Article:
I connected the extra wire to my running lights to make the Jeep a little more visible.  Now I do wish I had connected the wire to my blinker wires to make my turning intentions a little more visible too!

Blinkers or day time running lights wires

With flat fenders installed on the Jeep, the little LED turn signal lights are hard to see.  I might go back later and changed this around in the near future.

Accent pigtail

Remember that longer pigtail for the accent lights?  This is the time frame when I really figured out the lights should have been in the other locations!  I did not have to extend any wires to make this work, though it would have made a cleaner looking install without the big bundle of wire hanging on the engine bay support rod.

 

Excessive wire

Accent lights & the App

With the App downloaded and synced to the installed blue tooth device, I could change the accent light colors.  You can set them to blink, strobe, cycle between colors, flash to music or just about anything your heart’s desire.  Check your local state laws about colors that are allowed to be displayed and what they can do while driving.   I set mine for a steady blue color.

Bluetooth module

The app does have a timer that you can set the shutdown delay after you turn off your Jeep.  I probably have something set wrong, as it did not seem to work for me.  The help functions in the app are very basic with screen shots with things mentioning what they do.

The last screen details very basic information about the app, and appears to be written by someone not well versed in the English language.

 

Night Driving (Darkness absorption)

These lights absorb the darkness exceptionally well, as most of the LED lights on the market do.  I have noticed the distance that I can see into the distance with these is much further than my old clouded halogen headlights.  I should have taken some pictures of how the old lights worked at night and then did the same photo with these lights to check.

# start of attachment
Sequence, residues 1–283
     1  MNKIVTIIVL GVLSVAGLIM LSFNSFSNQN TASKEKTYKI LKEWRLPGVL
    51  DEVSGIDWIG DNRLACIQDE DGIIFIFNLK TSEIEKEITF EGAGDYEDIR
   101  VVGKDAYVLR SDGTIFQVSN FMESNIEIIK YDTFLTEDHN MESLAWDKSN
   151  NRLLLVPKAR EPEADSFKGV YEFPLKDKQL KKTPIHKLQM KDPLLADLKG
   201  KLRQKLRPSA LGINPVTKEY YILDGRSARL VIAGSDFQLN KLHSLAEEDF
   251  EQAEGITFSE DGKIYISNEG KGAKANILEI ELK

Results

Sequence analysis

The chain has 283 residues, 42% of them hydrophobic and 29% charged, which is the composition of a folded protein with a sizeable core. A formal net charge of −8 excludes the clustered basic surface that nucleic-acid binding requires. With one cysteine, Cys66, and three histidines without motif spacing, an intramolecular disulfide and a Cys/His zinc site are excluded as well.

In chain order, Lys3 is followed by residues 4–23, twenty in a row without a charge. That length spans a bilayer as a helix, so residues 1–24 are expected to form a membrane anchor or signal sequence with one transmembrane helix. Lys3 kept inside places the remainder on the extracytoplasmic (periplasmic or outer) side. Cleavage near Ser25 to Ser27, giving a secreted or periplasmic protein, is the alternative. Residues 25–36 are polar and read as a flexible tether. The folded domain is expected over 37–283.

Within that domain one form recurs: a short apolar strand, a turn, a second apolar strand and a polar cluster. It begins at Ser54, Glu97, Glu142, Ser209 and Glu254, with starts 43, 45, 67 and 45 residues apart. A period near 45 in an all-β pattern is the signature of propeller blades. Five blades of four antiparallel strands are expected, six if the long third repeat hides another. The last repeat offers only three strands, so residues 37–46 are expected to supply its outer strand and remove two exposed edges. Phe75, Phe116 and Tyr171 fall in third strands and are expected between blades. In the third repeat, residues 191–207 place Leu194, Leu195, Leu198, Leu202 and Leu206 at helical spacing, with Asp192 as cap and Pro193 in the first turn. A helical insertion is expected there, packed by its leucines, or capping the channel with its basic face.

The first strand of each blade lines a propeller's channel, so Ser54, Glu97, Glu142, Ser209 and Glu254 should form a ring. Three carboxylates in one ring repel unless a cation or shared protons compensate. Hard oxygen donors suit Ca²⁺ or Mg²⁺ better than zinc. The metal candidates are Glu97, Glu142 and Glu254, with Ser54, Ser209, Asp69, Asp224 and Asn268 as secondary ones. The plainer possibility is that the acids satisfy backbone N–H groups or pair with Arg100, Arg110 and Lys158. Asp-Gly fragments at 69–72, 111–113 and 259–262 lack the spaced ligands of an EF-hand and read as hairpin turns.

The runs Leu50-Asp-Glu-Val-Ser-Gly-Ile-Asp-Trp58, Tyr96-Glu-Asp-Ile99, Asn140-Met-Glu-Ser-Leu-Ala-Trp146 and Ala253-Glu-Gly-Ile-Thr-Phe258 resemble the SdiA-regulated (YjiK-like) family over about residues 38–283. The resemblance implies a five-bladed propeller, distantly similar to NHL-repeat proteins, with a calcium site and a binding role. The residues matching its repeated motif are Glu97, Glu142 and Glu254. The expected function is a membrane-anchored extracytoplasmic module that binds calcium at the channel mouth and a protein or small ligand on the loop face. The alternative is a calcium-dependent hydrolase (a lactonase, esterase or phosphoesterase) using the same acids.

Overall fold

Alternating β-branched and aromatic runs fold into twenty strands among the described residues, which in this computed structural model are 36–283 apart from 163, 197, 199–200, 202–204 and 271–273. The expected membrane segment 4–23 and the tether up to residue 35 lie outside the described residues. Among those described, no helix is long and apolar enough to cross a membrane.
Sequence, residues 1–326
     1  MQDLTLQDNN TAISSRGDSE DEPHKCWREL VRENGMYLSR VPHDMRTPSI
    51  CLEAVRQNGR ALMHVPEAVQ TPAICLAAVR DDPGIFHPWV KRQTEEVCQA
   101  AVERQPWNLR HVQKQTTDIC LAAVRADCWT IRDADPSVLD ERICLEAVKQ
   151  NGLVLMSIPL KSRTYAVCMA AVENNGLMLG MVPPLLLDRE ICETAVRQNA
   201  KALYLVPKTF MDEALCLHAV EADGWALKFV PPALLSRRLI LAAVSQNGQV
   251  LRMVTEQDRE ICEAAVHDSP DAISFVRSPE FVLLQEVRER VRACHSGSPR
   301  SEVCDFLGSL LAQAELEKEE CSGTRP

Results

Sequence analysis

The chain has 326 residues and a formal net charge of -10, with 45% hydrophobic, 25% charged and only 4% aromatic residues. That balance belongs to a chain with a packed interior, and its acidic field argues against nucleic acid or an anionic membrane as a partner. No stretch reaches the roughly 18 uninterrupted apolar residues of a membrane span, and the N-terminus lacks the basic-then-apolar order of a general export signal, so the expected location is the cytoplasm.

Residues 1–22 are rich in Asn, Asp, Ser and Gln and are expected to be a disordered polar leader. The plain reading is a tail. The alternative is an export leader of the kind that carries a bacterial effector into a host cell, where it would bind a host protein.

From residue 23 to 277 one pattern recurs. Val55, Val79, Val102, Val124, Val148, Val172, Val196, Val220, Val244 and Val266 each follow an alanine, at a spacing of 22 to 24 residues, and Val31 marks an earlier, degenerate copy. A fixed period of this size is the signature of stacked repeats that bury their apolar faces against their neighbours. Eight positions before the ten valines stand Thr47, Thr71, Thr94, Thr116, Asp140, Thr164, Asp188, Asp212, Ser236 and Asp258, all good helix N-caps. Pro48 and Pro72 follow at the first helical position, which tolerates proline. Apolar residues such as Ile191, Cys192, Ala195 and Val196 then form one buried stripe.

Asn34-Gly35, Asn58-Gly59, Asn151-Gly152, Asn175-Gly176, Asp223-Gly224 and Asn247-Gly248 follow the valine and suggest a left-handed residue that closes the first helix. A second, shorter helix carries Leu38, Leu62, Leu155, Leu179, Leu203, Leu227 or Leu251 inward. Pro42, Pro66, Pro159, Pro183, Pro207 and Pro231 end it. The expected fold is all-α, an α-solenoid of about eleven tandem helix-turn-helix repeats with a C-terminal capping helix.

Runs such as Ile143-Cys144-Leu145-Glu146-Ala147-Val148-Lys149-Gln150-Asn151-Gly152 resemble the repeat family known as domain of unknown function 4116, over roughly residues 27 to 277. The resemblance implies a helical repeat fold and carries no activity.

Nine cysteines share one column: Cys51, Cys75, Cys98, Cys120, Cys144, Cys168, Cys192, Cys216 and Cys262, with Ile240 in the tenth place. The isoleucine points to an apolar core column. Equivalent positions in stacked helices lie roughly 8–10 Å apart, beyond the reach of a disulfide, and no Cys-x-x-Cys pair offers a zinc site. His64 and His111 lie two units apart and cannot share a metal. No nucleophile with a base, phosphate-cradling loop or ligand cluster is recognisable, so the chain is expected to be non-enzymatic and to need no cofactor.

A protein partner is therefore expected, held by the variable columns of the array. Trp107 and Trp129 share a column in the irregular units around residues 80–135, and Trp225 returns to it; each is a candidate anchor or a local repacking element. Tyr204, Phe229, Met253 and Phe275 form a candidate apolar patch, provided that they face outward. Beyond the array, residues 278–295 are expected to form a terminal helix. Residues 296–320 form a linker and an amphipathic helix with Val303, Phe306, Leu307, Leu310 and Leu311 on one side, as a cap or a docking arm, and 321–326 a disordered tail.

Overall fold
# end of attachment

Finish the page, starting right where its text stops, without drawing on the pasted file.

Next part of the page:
Final thoughts

Overall on the light absorption ability, these lights are great.  I would rate them a 5 out of 5 Jeeps.  On the installation instructions, I have to give them a 3 out of 5 Jeeps for not referencing what light with the longer pigtail should go in what position on the Jeep.  The app gets a 3.5 out of 5 Jeeps for the non-intuitive use and no real instructions and help features.

Out of the box, the one light does have an LED burned out, and for that they get 3 out of 5 Jeeps for quality control.

At the end of the day, I have to rate these lights a 3 out of 5 Jeeps for the thoughts mentioned above.  I do recommend LED lights for any vehicle, though shop around and get the best price.

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Todd Ockert Contributor

Retired Navy, land use advocate and oil man! ModernJeeper advocate and forum moderator. Todd has been involved in the Jeeping Lifestyle for longer then he can remember from when his dad took him on trails in Michigan. His educational and leadership in different organizations have helped in the ongoing battle to keep Public Lands Open to the Public. Todd currently calls Texas home after leaving California in December of 2017.